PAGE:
More importantly to the bean counters on the summer festival circuit, however, it's when the music industry drops any pretense of cool it may have used to lure Gen X decades ago and, instead, does whatever it can to pry this weary demographic out of its Netflix ( NFLX)-and- Pandora ( P) cocoon. It needs them, too. According to Billboard, global concert grosses and attendance each fell 10% last year, with concerts in North America alone drawing 6% fewer people than they did in 2011. Even Billboard admits the damage is likely far worse, as numbers have been much tougher to get since they took a nosedive in 2010 and companies such as Live Nation ( LYV) cut back on reporting their attendance and income figures.

Armed with those numbers and the knowledge that cranky Gen Xers are getting used to their creature comforts, even Sasquatch! began pairing older-skewing acts such as Cake, Primus and Built To Spill with nearly $400 ticket package upgrades including better stage access, showers and views of the Columbia River Gorge. While Tennessee's Bonnaroo festival in June has always courted such older, jammy acts as Phish and Gov't Mule, this year's lineup featuring the Wu-Tang Clan, Nas, Wilco, Billy Idol and "Weird Al" Yankovic and Tom Petty all playing until a reasonable hour seems like a nice concession to the 31-to-45 set Nashville Scene tried to warn about this fest a few years back. The festival is also willing to throw in air-conditioned buses and VIP lounges to wilting concertgoers willing to pay grown-up money for an upgrade or a ticket, hotel and shuttle package.

Even Lollapalooza knows Gen X isn't up to crowd surfing during Jane's Addiction sets anymore and sells "Platinum" and VIP packages for its early August fest in Chicago. That includes air conditioning, free drinks, spa treatments and golf cart transportation to cordoned-off viewing areas where Lolla's Gen X targets can see The Cure, New Order, Queens of the Stone Age and Nine Inch Nails without bumming out kids pushing their way to the front for Tegan and Sara, Beach House and Vampire Weekend. It's a bit degrading and automatically presumes that people who've been following music religiously for something close to three decades don't want to see post-'90s acts including The National, Grizzly Bear and Band of Horses, but festival organizers are just working with what they have.

If older music fans aren't going to drive around looking for parking to see one of their favorite bands with only 200 other people at Maxwell's, booking agents are wagering they won't have the patience to deal with lots of new bands and younger fans without a whole lot of perks thrown their way. And, let's be honest, the long periods of standing, the spots on the floor right by the speaker and the constant bumping that makes it feel as if people are aiming at you all lose their novelty around age 25 or so.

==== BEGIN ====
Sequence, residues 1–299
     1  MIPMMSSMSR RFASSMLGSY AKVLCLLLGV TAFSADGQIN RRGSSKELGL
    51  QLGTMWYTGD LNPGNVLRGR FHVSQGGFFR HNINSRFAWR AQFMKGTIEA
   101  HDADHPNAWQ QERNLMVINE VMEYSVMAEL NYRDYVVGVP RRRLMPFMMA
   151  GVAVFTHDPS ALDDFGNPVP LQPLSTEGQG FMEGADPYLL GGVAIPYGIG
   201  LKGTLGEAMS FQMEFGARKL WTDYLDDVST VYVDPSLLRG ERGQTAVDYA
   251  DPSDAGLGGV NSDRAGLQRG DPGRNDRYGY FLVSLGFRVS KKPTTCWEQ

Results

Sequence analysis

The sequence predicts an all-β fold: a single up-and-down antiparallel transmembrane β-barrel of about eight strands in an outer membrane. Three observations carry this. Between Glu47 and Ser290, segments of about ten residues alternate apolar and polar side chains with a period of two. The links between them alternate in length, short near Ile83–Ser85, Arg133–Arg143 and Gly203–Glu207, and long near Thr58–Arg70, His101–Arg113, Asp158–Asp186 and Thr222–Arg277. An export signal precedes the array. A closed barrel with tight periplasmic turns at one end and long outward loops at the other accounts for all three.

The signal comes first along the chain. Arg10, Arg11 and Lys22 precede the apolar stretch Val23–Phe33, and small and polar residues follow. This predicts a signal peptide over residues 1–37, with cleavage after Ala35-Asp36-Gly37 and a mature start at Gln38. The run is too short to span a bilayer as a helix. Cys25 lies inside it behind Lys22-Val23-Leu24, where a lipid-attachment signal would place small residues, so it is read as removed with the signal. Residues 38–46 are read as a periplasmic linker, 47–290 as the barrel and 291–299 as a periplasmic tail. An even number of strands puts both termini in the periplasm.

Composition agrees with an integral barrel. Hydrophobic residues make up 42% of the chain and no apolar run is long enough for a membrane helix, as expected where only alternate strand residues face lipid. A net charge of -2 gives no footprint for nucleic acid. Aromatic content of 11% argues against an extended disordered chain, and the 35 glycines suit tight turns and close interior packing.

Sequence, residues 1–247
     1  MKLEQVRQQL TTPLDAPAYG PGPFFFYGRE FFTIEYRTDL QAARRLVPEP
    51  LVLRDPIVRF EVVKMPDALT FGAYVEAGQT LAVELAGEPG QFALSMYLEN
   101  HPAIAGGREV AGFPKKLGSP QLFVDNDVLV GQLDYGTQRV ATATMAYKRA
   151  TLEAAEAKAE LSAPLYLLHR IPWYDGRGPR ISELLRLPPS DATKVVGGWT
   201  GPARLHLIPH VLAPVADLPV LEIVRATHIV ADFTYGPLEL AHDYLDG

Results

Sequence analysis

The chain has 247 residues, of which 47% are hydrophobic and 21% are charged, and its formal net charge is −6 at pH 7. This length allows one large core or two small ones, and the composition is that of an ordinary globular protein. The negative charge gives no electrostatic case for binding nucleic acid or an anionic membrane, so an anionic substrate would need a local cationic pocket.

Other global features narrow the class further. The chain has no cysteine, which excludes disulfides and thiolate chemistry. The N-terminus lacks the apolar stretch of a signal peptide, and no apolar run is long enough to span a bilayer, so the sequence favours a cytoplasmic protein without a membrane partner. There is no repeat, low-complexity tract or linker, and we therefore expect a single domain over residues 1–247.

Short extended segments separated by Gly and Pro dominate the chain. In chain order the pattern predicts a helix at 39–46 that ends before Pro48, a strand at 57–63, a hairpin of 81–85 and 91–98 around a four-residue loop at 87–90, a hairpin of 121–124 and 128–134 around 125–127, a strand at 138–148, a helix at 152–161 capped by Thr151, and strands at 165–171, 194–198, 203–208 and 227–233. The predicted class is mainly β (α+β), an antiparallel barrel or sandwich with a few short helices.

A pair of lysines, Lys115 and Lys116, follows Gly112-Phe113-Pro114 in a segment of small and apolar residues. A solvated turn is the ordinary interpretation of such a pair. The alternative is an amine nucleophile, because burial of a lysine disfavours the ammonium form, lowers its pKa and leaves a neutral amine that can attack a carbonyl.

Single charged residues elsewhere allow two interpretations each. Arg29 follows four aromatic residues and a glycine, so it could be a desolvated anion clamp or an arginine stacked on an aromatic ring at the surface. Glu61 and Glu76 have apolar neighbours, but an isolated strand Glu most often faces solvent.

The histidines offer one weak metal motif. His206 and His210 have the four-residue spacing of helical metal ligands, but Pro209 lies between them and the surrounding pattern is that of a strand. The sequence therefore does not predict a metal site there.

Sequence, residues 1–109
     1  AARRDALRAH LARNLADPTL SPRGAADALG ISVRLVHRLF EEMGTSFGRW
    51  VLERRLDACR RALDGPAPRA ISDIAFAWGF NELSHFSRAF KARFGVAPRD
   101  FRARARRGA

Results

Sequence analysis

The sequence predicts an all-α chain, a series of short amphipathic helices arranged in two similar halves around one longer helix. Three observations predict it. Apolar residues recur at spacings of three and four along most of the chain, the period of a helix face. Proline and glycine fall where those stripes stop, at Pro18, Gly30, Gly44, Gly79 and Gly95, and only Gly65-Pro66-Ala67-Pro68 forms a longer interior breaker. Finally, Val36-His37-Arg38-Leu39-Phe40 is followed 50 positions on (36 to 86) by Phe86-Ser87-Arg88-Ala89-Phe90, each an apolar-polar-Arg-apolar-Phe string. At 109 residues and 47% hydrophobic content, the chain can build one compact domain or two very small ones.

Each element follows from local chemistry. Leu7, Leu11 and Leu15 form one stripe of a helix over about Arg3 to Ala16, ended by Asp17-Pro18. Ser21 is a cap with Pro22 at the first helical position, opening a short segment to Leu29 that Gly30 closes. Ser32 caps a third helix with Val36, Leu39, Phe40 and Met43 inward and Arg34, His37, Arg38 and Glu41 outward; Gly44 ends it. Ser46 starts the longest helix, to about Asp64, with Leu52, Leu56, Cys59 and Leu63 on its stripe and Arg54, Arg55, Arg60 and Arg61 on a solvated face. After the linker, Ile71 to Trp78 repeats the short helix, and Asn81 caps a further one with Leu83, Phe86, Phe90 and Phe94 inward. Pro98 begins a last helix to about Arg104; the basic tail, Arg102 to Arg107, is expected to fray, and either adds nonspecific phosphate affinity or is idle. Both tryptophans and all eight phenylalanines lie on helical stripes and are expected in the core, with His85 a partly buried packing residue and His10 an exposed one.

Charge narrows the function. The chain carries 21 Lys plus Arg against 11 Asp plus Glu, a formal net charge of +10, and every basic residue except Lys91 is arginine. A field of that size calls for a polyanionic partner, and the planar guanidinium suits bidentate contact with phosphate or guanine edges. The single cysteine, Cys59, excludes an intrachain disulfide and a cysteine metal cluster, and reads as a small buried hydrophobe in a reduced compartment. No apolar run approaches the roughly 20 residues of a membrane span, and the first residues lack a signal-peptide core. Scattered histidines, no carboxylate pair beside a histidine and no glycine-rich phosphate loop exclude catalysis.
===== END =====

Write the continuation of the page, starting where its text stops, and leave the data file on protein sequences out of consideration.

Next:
Does that necessarily mean people have have to plunk down $545 for a three-day VIP ticket, polo club seating, massages, special viewing areas and $39 shuttle service when you head to Outside Lands in San Francisco this August? No, but if the options are to woo The Old Guy At The Rock Show with these things and a bill with The Red Hot Chili Peppers, Nine Inch Nails, Camper Van Beethoven and Fishbone or to shut it down and give Dawes and Bombino fans one less venue to see their favorite acts in, the venues will have to pander and the old folks will have to play along.

-- Written by Jason Notte in Portland, Ore.

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Jason Notte is a reporter for TheStreet. His writing has appeared in The New York Times, The Huffington Post, Esquire.com, Time Out New York, the Boston Herald, the Boston Phoenix, the Metro newspaper and the Colorado Springs Independent. He previously served as the political and global affairs editor for Metro U.S., layout editor for Boston Now, assistant news editor for the Herald News of West Paterson, N.J., editor of Go Out! Magazine in Hoboken, N.J., and copy editor and lifestyle editor at the Jersey Journal in Jersey City, N.J.